IN OTHER WORDS #2 – Justin Lawrence Daugherty
This is the second installment of IN OTHER WORDS, a feature we’re running in 2014 in which we interview various editors on the art of editing.
This time, we’re talking to Justin Lawrence Daugherty, Managing Editor at Sundog Lit.
1/As Managing Editor and Founder of Sundog Lit (SDL), you’ve used your journal as an opportunity to surpass the standard process—scheduled issues and nothing else, etc. I was hoping you’d talk a bit about what makes SDL tick and how the way you edit speaks to your position in the literary community.
What I’m most interested in with lit mag editing or writing in general is being a part of community. I didn’t want SDL to exist in a vacuum, doing the scheduled issue releases as you mentioned and nothing else. We’ve tried lots of different things and our social media presence is pretty strong and I hope that all adds to the community. I wanted to do something to promote great writing. Not to just be another mag out there doing the same things.
I hope we publish works that’s edgy and fierce, that really does light new fires. I hope people like the promotion we do and how much we’re invested in this community. Even in editing, I try to maintain that consistent communal leaning: even when we decline work, I ask that we offer constructive insights as often as possible. It’s not possible with every submission, of course, but I want writers to feel like they’re being read by real people who are also writers. I think it’s easy, as an editor, to get lost in the administrative game of accept/decline without ever having relationships with the writers submitting their work. We can forget easily that submitting work is a vulnerable thing. It requires bloodletting. I hope that this approach, trying to be a part of community when editing rather than above it, works and is appreciated.
2/You recently published your first themed issue at SDL. How does your curatorial process for a themed issue differ for that of an unthemed issue.
We did! (We’ll be announcing another here soon.) I think what differed most about the Games issue was that Brian Oliu (the issue’s guest editor) and I approached submissions being already-excited about what was there. We were biased in favor of game fiction and poems and essays. We had fun with the curatorial process. We didn’t approach it as editing. Brian and I read all the submissions and there was a great rapport between us that added to the process. We were excited about the pieces coming in and had such a great response to the issue. It was a fun experience.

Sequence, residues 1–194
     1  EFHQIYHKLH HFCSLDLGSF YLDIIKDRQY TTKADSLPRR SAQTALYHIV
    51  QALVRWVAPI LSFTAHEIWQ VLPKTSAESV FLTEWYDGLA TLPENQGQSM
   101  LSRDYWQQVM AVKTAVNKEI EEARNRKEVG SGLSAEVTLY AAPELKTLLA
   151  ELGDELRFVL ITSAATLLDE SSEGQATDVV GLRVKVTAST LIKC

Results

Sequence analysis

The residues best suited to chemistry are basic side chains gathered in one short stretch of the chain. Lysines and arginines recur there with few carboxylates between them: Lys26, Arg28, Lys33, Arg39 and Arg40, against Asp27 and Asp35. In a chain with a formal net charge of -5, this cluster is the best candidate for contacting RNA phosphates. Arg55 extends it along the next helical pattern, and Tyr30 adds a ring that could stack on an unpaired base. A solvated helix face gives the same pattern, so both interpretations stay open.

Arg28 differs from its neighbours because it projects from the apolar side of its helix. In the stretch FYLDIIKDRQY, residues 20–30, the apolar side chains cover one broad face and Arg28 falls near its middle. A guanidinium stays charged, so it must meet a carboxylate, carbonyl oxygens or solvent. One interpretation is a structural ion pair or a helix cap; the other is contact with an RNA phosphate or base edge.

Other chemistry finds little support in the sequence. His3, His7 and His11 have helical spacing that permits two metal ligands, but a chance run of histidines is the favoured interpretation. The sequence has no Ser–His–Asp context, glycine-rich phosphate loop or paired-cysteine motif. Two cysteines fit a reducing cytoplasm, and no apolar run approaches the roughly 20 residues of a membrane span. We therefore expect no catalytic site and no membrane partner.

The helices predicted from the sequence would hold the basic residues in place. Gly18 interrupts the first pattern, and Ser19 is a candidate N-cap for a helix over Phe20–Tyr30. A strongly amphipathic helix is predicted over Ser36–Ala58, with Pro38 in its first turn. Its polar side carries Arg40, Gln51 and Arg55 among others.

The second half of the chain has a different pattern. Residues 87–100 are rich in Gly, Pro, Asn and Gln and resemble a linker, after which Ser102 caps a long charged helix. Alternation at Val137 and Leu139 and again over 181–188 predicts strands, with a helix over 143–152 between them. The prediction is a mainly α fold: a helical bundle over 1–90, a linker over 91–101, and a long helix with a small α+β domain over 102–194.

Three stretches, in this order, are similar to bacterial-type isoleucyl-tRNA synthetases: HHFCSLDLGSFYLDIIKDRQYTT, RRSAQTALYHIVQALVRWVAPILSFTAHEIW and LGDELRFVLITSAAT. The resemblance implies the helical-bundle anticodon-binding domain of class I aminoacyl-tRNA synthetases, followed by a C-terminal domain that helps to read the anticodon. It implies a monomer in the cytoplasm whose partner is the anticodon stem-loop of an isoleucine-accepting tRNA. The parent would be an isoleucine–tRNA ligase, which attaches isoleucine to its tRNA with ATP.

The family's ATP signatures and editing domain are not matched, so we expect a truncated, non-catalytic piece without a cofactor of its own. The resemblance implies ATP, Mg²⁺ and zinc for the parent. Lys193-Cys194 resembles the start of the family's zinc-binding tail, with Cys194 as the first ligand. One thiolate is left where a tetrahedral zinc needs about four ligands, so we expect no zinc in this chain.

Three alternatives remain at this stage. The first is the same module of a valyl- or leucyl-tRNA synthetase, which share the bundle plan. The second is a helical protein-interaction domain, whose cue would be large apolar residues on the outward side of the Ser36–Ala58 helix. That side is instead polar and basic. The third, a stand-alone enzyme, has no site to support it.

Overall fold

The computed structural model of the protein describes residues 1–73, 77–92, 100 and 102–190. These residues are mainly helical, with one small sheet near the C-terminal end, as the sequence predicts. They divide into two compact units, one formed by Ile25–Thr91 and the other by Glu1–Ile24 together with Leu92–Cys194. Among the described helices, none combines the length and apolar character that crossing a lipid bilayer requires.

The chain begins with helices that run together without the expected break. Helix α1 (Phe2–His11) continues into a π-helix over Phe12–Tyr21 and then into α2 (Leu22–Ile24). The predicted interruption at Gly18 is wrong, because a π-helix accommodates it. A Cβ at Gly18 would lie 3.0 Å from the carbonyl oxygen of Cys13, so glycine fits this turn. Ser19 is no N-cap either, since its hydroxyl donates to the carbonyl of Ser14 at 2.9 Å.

3/Name one or two exemplary pieces you’ve published that epitomize SDL’s aesthetic of “scorched-earth literature.”
Oooh, tough one. I think “Claudia and the Fish-Exhausted Monster” by Lindsay Herko and Jeffrey Allen’s poem “Lionskin” are both examples of the earth-scorching we want to publish, though it’s really hard to choose just two.
4/Tell me about Friday Rex. How did it start? Why the name? And how do you even go about amassing those lists? Is it a confluence of what you read or what all the editors are reading?
One of the reasons I started SDL was that I wanted to be able to promote more writing outside of the what we published. I wanted to take the #fridayreads Twitter hashtag and make it a weekly post, gathering up great words by authors around the internet. The name is a take on Friday recommendations (Friday rec’s), hence Rex. We wanted to make a little T. Rex mascot at first, but never did. Because I am on Twitter so much, I see a lot of the new work that comes weekly, though I also search and search for new issues of online journals as they appear. I try to find as much new stuff as I can and editors send me their picks all the time, too.
5/Is there an editor or publication that you know to regularly publish solid work, i.e., who do you return to again and again, as a reader?
I love everything Hobart puts out there. When they started putting out daily stuff, I was afraid. I wondered how they would be able to maintain quality work every day. But, they have. I go back to Hobart daily to see what they’re doing. The Collagist, of course, is always high-quality. Love Wigleaf and Whiskey Paper so much.
6/As a writer, you have two long-form projects going right now—a futuristic novel featuring a lizard boy, and a western. How does your writing aesthetic affect your curatorial interests? Is there ever overlap?
I guess there is an overlap in that as I’m writing, I think about whether I’d want to see this work as an editor. Would it excite me? Is it fresh and new and earth-scorching? And, as far as my writing aesthetic is an extension of what I want to read, that aesthetic applies heavily to what I want to publish. I want to publish things that I’d read elsewhere and go, Oh, wow, yes yes, this. THIS. In writing the lizard-boy or the western-ish thing, I want to write not just literary works, but things that will make people do the same. I want my writing to be exciting. If it’s not, who’s going to read it? I don’t know if I succeed, but that’s what I try for.
7/Which of SDL’s upcoming projects/issues are you most excited about?
I’m excited about the next book promotion project in March (which I can’t speak to quite yet). The next theme issue will be exciting, too. I want to keep doing new things and never get settled into just putting out issues. The issues are great and the reason we’re here, but I really want to keep doing new things.
8/Describe in three words what it’s like to work with you in an editorial capacity.
Justin Lawrence Daugherty is a migrant living currently in Atlanta, Georgia. He is the Managing/Founding Editor of Sundog Lit. He is at work on a novella about Aurelio the Lizard-Boy: Now the Destruction of Days.